By Hillel Aron
By Joseph Tsidulko
By Patrick Range McDonald
By David Futch
By Hillel Aron
By Dennis Romero
By Jill Stewart
By Dennis Romero
The "combatants" in South-Central were contestants under new rules of ornamental masculinity. The martial rhetoric, the stockpiling of weaponry, the display of violence, all were part of a nitrous-fueled drama that had as much to do with "winning" under the image terms of the new culture as it did with proving valor under any traditional warrior code. As Kody Scott himself would realize later, the war he had been engaged in throughout his coming-of-age years was, above all, a ratings war, a campaign to attain what he came to call "neighborhood celebrity."
"MY FATHER'S GENERATION WAS THE LAST RESPONSIBLE generation," said Sanyika Shakur (now Kody Scott's legally adopted name) as he welcomed me in August 1997 to his girlfriend's two-bedroom house in the San Fernando Valley. He had just moved in, having been released from jail three days earlier after a year's sentence for a parole violation -- his second such since the publication of what was supposed to be his transformational autobiography.
Newly out of prison, Shakur was unnerved by wide-open spaces. He led the way to the smallest room in the house, a back bedroom that his girlfriend, Felicia Morris, had converted to an office. Morris waved goodbye from the living room; a radio disc jockey and songwriter, she was on her way to work. Behind the office was the garage, where her guard dog, a rottweiler named Kody, barked ceaselessly. "When I first moved to South-Central," Shakur continued, "there were industrial ties still. Men still owned their homes, supported their families. But then something happened. It turned to a neighborhood of renters. I started seeing an increase of men in the streets. It was like the economy in this country had reached its apex, and we black men had outlived our usefulness."
As a young man, he had still hoped that he could demonstrate a workmanlike "usefulness" within his gang set. "You put in work and you feel needed in a gang. People would call on me because they needed me. You feel useful, and you're useful in your capacity as a man. You know, 'Don't send me no boys. Send me a man!'" But he was beginning to see his former life in a different light. What he once perceived as "work" now seemed more like PR. "What the work was," he said, "was anything you did in promotionfor the gang." He found it amusing how the media viewed gangs as clannish and occult. "We're nota secret society. Our whole thing is writing on walls, tattoos on necks, maintaining visibility. Getting media coverage is the shit! If the media knows about you, damn, that's the top. We don't recognize ourselvesunless we're recognized on the news.
"There's a lot of talk about loyalty and mission and all that with the gang, and that's part of it," he said. "But my initial attraction to these guys I saw who were in gang life was that these dudes were ghetto stars. And I wanted to be a ghetto star." He set out, as any PR man would do, to ã get his brand name out. "I considered it advertising, being on the campaign trail. Bangin' is very much like promoting for the Republican or Democratic party. What you do is, you have your name ringing on the wire, on several levels. You do it by promoting." The publicity effort took many forms. "You write your name all over. You had to always have your marker and your gloves, because you are on the campaign trail. When you shoot somebody, you say your name, loud. And I wouldn't hide my face. You leave people alive, knowing that the word will get out on who did it. You go to parties and you shoot in the air and say your name. Or you go to parties and you shout-whisper your name in girls' ears, tell 'em what a badass you are, or tell 'em, 'Tell so-and-so, he can't kill me.' You'd primarily use females, because they had the gossip thing down. They are very important, because if they are impressed, they spread the word." He'd gauge the progress of his fame by how speedily a rumor he started about himself spread. "You'd know your celebrity by the return rate, how fast it would get back to you. The return rate is what you look for."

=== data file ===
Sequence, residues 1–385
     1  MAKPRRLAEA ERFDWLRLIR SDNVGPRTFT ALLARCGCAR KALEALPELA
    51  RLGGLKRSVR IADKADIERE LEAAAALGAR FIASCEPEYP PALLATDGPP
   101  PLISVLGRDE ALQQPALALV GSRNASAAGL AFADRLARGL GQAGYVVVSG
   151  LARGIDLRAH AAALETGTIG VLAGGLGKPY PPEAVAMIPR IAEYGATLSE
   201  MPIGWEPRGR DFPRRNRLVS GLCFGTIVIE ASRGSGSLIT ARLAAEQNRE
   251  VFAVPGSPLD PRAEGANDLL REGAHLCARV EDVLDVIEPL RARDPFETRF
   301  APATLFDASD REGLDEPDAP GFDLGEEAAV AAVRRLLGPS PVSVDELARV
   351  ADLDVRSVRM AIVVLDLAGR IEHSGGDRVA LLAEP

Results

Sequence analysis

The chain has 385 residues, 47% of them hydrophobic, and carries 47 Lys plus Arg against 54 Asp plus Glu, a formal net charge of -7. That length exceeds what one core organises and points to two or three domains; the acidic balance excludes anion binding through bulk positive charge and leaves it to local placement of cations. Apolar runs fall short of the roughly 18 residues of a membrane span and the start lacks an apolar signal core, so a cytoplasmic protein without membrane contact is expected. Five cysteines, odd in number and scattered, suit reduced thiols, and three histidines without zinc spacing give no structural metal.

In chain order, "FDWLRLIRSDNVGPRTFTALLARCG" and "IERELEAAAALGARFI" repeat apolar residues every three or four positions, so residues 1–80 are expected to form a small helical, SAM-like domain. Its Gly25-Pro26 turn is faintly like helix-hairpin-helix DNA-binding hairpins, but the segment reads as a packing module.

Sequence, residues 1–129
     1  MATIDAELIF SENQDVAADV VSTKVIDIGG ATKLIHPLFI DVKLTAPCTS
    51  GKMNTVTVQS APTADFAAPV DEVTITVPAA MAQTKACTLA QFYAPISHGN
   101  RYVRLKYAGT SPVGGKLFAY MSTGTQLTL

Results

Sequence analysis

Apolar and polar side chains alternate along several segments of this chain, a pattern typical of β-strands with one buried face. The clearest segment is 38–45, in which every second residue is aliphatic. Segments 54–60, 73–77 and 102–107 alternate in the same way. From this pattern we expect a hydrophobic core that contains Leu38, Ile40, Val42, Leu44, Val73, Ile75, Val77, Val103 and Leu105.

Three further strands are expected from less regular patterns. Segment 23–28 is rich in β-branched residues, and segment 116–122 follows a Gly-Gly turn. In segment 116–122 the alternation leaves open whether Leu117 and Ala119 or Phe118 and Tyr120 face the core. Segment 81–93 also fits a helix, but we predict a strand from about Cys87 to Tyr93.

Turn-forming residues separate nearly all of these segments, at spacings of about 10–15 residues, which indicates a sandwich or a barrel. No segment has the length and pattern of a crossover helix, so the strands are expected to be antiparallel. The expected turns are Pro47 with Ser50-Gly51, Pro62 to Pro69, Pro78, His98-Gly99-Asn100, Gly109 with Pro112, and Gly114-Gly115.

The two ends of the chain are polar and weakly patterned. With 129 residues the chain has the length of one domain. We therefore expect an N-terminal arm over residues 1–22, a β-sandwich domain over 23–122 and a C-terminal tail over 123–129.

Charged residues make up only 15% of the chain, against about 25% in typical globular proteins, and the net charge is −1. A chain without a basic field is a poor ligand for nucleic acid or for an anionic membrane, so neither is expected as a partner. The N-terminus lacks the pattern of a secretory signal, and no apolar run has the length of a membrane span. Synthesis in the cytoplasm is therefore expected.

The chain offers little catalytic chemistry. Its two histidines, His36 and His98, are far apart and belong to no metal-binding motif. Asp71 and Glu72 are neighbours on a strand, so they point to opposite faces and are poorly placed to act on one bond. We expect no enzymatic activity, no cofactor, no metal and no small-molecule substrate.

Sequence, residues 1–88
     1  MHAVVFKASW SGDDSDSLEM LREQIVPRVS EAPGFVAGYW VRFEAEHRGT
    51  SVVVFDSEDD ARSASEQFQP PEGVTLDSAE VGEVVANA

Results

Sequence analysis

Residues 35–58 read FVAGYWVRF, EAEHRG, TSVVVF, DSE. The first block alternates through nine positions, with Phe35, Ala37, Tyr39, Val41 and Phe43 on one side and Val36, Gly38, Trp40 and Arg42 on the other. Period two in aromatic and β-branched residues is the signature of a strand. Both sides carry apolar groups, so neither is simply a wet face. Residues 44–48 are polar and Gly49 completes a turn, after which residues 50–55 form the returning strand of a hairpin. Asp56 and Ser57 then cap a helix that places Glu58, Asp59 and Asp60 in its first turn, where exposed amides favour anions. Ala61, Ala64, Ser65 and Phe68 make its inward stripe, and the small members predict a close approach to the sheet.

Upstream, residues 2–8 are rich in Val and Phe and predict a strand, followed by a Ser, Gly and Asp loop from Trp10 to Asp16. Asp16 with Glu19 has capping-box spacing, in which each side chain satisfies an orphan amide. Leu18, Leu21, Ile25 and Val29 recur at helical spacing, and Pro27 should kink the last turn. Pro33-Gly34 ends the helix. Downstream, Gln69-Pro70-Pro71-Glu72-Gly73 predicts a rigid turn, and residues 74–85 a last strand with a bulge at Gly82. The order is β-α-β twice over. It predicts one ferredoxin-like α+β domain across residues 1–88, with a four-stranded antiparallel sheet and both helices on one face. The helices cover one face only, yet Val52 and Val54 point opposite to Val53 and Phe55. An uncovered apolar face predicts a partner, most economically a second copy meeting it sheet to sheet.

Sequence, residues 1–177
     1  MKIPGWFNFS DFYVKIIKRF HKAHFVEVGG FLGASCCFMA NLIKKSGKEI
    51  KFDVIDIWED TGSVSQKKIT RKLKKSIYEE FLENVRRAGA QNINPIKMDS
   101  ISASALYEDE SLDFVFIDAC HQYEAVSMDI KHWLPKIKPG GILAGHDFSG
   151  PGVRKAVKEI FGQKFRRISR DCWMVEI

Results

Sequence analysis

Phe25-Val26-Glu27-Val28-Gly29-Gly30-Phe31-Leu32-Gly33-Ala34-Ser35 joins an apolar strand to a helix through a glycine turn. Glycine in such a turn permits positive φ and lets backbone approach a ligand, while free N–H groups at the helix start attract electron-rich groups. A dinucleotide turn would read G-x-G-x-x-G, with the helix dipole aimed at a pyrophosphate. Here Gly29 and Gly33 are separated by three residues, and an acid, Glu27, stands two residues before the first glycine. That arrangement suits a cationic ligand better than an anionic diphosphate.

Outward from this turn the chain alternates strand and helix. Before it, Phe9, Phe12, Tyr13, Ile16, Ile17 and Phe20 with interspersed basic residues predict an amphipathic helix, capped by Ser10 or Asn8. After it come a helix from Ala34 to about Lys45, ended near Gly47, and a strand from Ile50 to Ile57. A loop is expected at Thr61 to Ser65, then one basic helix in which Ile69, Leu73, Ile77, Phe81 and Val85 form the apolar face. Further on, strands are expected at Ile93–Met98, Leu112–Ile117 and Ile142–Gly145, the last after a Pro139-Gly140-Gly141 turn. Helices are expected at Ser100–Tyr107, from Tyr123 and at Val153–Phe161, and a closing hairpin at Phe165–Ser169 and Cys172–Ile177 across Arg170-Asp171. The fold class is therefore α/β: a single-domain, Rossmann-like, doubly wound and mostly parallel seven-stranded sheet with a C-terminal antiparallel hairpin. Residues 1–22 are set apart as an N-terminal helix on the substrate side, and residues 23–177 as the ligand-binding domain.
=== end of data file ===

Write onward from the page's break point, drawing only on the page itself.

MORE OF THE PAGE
Kody Scott's image-enhancement strategies were not homegrown. "I got all these ideas from watching movies and watching television. I was really just out there acting from what I saw on TV." And he wasn't referring to Superflyor Shaft. "Growing up, I didn't see one blaxploitation movie. Not one." His inspiration came from shows like Mission: Impossibleand Rat Patroland films like The Godfather. "I would study the guys in those movies," he recalled, "how they moved, how they stood, the way they dressed, that whole winning way of dressing. Their tactics became my tactics. I went from watching Rat Patrolto being in it." His prime model was Arthur Penn's 1967 movie Bonnie and Clyde. "I watched how in Bonnie and Clydethey'd walk in and say their whole names. They were getting their reps. I took that and applied it to my situation." Cinematic gangsterism was his objective, and it didn't seem like much of a reach. "It's like there's a thin line in this country now between criminality and celebrity. Someone has to be the star of the hood. Someone has to do the advertising for the hood. And it's like agencies that pick a good-looking guy model. So it became, 'Monster Kody! Let's push him out there!'" He grinned as he said this, an aw-shucks, winsome smile that was, doubtless, part of his "campaign."